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Monday, 24 August 2009

No 1, London – and a hard day out in town

Apart from other people’s holiday snaps - or any chief executive’s PowerPoint presentation - few prospects can be gloomier than hearing about someone else’s party.

So only read on if you’d like to plan a perfect day out in London for someone.

Each year my fair companion - who is dark, but there you are - surprises and delights me on my birthday. We were not alone this time, because her sister was spending her last weekend in London with us before going back to Italy to live in sin with her fiancé.

The day started with a champagne breakfast - smoked salmon, scrambled eggs and chocolate birthday cake in our humble hovel. We walked out - and the sun was shining. Perfect.

Off we went on the bus. I had no idea where. We got off at Hyde Park Corner. I thought, "I really must go and see the Duke of Wellington's house one day" - because that's where it is.

And that is exactly what she had planned. The address really is No.1, London - and I strongly recommend it – especially if, like me, you love history. The audio commentary is superb.

After that, I had to work for my day. I spent an hour rowing the pair of them round the Serpentine. That’s not true. They helped. Many people train for years to go round and round in circles. They did it immediately and repeatedly. Brilliant.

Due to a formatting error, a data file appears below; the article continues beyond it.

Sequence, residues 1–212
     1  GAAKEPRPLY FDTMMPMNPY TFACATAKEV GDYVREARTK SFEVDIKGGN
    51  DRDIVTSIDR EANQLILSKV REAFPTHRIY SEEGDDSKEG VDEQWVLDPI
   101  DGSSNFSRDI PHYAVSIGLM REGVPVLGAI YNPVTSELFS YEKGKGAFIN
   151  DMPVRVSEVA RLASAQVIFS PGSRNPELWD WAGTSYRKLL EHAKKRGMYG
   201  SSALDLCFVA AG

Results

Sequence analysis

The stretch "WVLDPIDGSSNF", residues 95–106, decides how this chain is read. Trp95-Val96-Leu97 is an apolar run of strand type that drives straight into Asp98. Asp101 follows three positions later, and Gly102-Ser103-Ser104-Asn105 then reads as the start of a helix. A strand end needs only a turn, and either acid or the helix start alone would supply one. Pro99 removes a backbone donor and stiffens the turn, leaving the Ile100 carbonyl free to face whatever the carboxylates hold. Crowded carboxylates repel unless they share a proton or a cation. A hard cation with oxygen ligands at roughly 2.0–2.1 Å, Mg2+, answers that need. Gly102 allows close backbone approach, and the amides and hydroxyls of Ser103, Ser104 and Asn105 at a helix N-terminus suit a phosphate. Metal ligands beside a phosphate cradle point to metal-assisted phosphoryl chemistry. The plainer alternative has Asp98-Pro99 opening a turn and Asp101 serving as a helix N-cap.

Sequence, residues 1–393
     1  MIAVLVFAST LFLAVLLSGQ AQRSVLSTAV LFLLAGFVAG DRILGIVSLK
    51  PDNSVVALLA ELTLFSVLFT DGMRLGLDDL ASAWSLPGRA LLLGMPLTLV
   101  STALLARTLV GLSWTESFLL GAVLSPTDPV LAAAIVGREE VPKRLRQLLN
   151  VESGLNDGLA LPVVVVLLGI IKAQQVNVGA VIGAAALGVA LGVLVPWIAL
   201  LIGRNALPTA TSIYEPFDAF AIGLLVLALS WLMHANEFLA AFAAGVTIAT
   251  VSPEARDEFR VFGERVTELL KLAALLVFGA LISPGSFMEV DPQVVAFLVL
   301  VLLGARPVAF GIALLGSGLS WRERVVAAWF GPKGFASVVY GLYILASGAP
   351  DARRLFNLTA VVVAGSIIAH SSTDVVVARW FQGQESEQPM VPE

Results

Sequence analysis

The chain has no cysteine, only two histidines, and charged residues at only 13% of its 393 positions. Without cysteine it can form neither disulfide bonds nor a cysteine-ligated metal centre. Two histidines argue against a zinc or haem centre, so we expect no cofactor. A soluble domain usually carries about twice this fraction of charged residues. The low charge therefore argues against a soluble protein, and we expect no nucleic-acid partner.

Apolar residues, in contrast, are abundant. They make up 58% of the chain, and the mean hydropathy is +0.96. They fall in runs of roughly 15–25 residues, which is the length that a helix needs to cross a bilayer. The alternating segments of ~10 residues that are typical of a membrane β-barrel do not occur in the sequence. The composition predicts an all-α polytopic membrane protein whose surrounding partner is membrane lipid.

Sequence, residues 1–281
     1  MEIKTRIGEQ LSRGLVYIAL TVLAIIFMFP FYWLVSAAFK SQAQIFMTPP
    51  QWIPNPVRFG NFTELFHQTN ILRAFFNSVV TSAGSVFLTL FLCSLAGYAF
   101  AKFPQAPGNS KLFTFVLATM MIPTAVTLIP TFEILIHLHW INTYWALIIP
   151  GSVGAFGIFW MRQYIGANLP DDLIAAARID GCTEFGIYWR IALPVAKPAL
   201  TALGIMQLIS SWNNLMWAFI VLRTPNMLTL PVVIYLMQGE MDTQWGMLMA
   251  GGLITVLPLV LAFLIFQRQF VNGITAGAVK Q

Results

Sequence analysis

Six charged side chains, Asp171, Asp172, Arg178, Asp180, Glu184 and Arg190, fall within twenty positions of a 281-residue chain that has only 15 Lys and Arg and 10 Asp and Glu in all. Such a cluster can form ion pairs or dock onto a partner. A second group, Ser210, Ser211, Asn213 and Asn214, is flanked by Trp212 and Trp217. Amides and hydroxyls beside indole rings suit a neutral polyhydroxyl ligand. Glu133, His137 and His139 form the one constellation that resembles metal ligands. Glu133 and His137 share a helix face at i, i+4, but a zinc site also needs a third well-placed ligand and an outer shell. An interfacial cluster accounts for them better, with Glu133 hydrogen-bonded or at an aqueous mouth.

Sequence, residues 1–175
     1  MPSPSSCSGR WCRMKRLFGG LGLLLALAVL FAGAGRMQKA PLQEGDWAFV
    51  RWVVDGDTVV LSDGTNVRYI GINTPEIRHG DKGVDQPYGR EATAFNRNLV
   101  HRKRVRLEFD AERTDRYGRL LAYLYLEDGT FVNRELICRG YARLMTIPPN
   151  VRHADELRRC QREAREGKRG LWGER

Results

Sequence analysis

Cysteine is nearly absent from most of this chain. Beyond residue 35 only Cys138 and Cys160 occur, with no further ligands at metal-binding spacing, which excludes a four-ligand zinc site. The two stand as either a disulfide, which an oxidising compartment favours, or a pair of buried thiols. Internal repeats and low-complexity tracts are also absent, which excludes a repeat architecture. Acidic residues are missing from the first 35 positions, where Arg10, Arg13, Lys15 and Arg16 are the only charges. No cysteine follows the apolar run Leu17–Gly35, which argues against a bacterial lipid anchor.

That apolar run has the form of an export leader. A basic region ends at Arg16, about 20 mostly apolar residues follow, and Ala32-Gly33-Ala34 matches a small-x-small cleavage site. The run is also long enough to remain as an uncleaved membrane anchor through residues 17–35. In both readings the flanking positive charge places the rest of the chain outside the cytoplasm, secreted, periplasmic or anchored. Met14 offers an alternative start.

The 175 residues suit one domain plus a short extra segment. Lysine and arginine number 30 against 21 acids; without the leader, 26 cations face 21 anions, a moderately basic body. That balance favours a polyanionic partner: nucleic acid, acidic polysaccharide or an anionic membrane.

Then we went to the Royal Academy, which I’ve always wanted to do. Rather disappointing. The only things worth seeing you had to pay for and the interior has been destroyed. Outside, bits of Lego posing as art.

After that, afternoon tea at Fortnum and Mason. To me, much better than the Ritz or Savoy. And then we strolled through the store. When I am rich again I shall always shop there. It made me realise how unutterably vulgar Harrods has become.

Are you feeling a little tired yet? I hope not. Because then we went to Kensington Gardens to see Peter Pan. A very funny Captain Hook, a brilliant sexy Tinker Bell, an excellent crocodile! And the two girls managed to cry twice. I usually cry at everything – but not this time.

What next? A pint of Adnams Broadside at the Anglesey Arms in South Kensington on the walk back home. Then the traditional Italian ending to a great day: pasta aglio e olio.

And two beautifully prepared mementoes for us. With more tears.

Forget the Royal Academy, and you won’t do better in London, believe me.

And I shouldn’t forget to say “thank you” for another brilliant, surprising birthday. I wish I were as thoughtful and clever as you are.

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